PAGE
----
Arnold Kling  

Suits, Geeks, and Lehman

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From a New York Times story:


He recalls vividly the days in early 2007 at Lehman when his financial models began to throw up more warnings showing delinquencies and defaults, and he remembers colleagues on his desk raising questions about loan quality.

But he said the firm's ranking as the top loan originator on Wall Street, not to mention the pressures put on the desk by Lehman's growth-obsessed leadership, made it difficult for even the most senior executives to raise questions, even a senior vice president like Mr. Linton.

He says he has no qualms about his work at Lehman or its economic aftereffects. "Anyone at our level who had a different view from senior management would find themselves going somewhere else quick," he says. "You are not paid to rock the boat."

Of course, the suits might tell the their side of the story differently.


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COMMENTS (5 to date)
RobM1981 writes:

"You are not paid to rock the boat..."

Classic.

$500,000 Ivy League educations and MBA's, not worth the toilet paper they were written on. All they really needed was to remember kindergarten.

"Your majesty looks spectacular this fine day! Emperor, is that a new outfit?"

Fools. And the administration that bailed them out, without completely decapitating the leadership, has simply sown the seeds for the next - worse - debacle.

richard writes:

This is completely unrelated but I was wondering if you were aware of any studies that looked the interaction between spending and dental care and the proliferation of dental plans.

Walt French writes:

This shows how America has run away from capitalism. Those of us who provide the capital are effectively out of control of the firms.

These anecdotes are matched by the comp schemes for Management that the Boards of firms have set unknowingly. As a result, our investments are at 100% risk, with staff encouraged to gamble with our funds, taking the winnings and walking if the bets come up sour.

“Investors” who do not have control over the events they push their money at, are actually simply gamblers. Hope we get a seven, as we so often do!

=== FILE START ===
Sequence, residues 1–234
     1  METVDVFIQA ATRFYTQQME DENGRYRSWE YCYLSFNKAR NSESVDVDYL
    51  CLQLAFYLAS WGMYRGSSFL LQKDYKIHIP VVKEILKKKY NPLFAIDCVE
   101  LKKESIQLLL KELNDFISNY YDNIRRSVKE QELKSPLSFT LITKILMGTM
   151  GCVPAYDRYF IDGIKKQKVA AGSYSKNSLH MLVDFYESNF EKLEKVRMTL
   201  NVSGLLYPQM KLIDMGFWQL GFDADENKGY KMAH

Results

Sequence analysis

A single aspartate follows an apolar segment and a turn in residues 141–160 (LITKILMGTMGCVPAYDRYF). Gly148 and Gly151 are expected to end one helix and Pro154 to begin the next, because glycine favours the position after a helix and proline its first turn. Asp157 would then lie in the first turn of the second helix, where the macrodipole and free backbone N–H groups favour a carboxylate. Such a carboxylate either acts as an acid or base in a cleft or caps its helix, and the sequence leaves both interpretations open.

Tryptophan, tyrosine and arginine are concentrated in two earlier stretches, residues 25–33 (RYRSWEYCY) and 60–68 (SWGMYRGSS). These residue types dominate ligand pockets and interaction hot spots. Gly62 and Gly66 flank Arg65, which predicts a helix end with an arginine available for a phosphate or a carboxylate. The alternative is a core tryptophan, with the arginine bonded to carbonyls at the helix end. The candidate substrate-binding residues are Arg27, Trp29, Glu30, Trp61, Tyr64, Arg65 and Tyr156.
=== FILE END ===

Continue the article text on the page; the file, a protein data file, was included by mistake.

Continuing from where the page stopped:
The economic losses to America are huge: investors are not able to direct their money to firms that have the highest reasonably expected returns, leading to an economy levered to non-disclosed risks. With the limited imagination of investment bankers (herding), our society puts a huge fraction of our eggs in a single basket, bringing back the bad old days before effective money/banking regulation, in which the economy was convulsed by banking and money crises every decade.

RIP, capitalism. We've been taken over by Suits.

Patrick writes:

"Of course, the suits might tell the their side of the story differently."


Well of course the suits will tell their side of the story differently. Most of them aren't self-aware enough to realize that they've created a culture that discourages dissent.

As someone who has consulted for dozens of Fortune 500 companies, let me assure you that the story in question is not unique. I see lack of interest in rigorous debate at every client I've spent time with.

Thomas DeMeo writes:

I think we need to accept the idea that human beings are running these corporations, and these failings are inevitable.

At the core of almost every discussion here is the same dilemma. Our society has reached the point where people are in a position to make staggering mistakes. And, unfortunately, a strong argument can be made that any attempts to prevent such mistakes only make things worse in the long run.

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